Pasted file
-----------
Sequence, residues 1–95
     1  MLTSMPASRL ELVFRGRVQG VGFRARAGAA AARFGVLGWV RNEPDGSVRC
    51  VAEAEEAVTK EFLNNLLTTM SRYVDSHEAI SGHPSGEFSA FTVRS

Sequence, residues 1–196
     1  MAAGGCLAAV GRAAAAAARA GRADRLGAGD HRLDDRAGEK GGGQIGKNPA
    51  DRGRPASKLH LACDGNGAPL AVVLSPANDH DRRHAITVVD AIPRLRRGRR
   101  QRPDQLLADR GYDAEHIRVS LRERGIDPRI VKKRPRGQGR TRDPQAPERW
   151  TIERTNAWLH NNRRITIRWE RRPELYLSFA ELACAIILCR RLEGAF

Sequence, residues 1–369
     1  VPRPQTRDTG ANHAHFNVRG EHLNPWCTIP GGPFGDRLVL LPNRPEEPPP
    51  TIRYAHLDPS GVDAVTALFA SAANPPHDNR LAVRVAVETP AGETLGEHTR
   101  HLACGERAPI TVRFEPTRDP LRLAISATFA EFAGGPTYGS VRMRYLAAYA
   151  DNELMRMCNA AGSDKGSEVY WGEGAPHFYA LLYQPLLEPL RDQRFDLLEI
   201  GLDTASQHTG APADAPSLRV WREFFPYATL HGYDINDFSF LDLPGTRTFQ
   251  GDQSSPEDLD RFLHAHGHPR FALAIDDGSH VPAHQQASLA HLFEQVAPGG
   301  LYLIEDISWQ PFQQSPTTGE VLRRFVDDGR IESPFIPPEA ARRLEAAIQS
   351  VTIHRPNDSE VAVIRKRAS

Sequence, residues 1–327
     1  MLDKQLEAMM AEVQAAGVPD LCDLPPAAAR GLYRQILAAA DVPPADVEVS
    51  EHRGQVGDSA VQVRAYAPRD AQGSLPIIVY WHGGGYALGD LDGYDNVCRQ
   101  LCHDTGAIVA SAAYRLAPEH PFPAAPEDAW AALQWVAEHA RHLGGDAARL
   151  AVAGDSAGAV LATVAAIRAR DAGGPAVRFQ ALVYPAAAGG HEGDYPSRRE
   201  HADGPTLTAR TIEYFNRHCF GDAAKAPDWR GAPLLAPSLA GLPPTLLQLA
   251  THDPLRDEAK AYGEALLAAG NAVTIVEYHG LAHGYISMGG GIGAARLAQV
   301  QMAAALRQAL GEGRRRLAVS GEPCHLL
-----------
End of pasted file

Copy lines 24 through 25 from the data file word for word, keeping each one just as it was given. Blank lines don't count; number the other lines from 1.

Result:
   251  THDPLRDEAK AYGEALLAAG NAVTIVEYHG LAHGYISMGG GIGAARLAQV
   301  QMAAALRQAL GEGRRRLAVS GEPCHLL